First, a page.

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This Day in History: David Kingsley's bravery in the skies

On this day in 1918, a hero is born. David Kingsley is known for his service in the United States Army Air Corps during World War II—but the Portland firefighter was living a life of service even before that.

Kingsley was used to hard times. His father, a policeman, was killed in a car crash when Kingsley was just 10 years old. His mother was diagnosed with cancer not too long after that, and she passed away in 1939. David was one of nine children, and he spent many of these years standing in the gap and helping his siblings.

David’s sister would remember that their mother “taught us to love each other, take care of each other, and take care of anyone in need.”

How unsurprising, then, that this young man leapt to serve when the Japanese attacked Pearl Harbor in December 1941.

By early 1944, Kingsley was a second lieutenant serving with the 341st Bomb Squadron, 97th Bombardment Group as a B-17 Flying Fortress bombardier. On June 23, he and his crew were facing their toughest mission to date: an attack on oil fields and refineries around Ploiesti, Romania.

Ploiesti was a vital source of fuel for Nazi Germany and was heavily defended.

Kingsley’s crew was to attack the Dacia Oil Refinery, but as the B-17 neared its target, it was hit by enemy fire. The plane lost altitude and was forced out of formation, but pilot Edwin Anderson had no intention of abandoning his target. He skillfully kept the damaged B-17 going while Kingsley “successfully dropped his bombs,” as his Medal citation describes, “causing severe damage to vital installations.”

Anderson could finally turn back, but by then the B-17 was severely damaged. Making matters worse, enemy fighters were soon on their tail.

Several crew members were wounded, and Kingsley hurried to help his friends as Anderson fought to keep the plane in the air. When the third engine died, Anderson knew that the crew would need to bail out.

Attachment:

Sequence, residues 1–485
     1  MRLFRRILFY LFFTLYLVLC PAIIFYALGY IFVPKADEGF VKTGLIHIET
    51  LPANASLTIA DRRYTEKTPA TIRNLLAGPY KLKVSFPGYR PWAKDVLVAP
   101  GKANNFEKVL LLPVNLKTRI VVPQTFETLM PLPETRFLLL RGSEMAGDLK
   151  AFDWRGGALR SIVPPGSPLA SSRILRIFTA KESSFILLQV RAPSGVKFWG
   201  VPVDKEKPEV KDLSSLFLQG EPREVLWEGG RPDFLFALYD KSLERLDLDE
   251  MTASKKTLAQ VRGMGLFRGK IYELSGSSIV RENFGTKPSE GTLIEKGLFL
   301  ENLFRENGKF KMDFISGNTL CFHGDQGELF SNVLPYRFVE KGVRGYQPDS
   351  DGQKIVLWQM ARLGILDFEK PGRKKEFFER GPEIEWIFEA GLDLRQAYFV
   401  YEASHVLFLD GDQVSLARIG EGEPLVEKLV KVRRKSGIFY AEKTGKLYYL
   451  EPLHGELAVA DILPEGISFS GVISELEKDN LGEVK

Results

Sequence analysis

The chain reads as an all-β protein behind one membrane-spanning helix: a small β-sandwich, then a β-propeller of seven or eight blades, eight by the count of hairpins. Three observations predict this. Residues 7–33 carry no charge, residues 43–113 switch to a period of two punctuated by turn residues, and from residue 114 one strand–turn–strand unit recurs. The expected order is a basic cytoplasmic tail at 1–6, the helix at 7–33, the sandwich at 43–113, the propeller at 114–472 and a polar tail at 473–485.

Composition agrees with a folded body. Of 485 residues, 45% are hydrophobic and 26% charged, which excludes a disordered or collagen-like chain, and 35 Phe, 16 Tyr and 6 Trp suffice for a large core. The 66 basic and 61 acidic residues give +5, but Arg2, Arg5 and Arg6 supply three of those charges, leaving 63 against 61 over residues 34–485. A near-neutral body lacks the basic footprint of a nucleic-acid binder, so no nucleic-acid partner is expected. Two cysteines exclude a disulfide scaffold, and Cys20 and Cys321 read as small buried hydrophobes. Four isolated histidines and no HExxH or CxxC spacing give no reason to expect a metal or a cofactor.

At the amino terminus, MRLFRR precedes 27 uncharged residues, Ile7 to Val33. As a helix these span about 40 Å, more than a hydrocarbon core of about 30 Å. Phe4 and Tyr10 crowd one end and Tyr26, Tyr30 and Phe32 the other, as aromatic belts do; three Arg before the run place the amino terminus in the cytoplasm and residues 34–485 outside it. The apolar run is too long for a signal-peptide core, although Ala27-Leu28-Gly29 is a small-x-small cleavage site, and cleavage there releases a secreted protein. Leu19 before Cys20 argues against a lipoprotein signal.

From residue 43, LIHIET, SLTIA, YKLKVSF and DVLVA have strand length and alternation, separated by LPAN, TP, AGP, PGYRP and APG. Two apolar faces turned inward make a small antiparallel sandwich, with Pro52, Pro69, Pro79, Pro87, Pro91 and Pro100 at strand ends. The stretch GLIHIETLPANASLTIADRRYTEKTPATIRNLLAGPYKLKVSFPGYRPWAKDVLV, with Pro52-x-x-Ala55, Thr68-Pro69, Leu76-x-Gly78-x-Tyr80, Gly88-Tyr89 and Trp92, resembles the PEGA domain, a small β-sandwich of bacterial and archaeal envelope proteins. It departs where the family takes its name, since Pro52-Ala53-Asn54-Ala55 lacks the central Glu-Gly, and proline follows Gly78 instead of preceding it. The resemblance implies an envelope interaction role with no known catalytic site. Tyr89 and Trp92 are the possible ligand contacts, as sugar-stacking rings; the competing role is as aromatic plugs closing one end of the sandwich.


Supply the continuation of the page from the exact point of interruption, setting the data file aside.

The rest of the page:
Tail gunner Mike Sullivan was too badly wounded to help himself. “Everyone on the plane was bailing out,” Sullivan’s wife described many years later, “but his parachute had been damaged in the attack. He was lying on his back with head wounds and too weak to pull himself up.”

Kingsley knew what he had to do. Seemingly without hesitation, he strapped his own parachute onto Sullivan.

“David then took me in his arms and struggled to the bomb bay,” Sullivan would remember, “where he told me to keep my hand on the rip cord and said to pull it when I was clear of the ship . . . . I jumped. I looked at Dave the look he had on his face was firm and solemn. He must have known what was coming because there was no fear in his eyes at all.”

Kingsley went down with the mortally wounded B-17, and his body would later be found in the wreckage. Meanwhile, Sullivan survived. He was captured on the ground and spent time as a POW, but he eventually went home. Once there, he wrote Kingsley’s brother, Tommy.

“Tommy, I am more than grateful that my life was spared by your brother Dave giving up his life so that I could live,” Sullivan wrote. “I am not ashamed to admit when I think of Dave I also have tears come into my eyes, if it weren’t for me getting wounded Dave’s life would have been saved.”

But surely Kingsley would have been more focused on what his sacrifice gained: Sullivan returned home to a full life—and future generations benefited. When Sullivan passed away at age 84, he had two daughters and six grandkids.

And it was all because one man selflessly sacrificed himself over the skies of Europe.

Rest in Peace, Lt. Kingsley.

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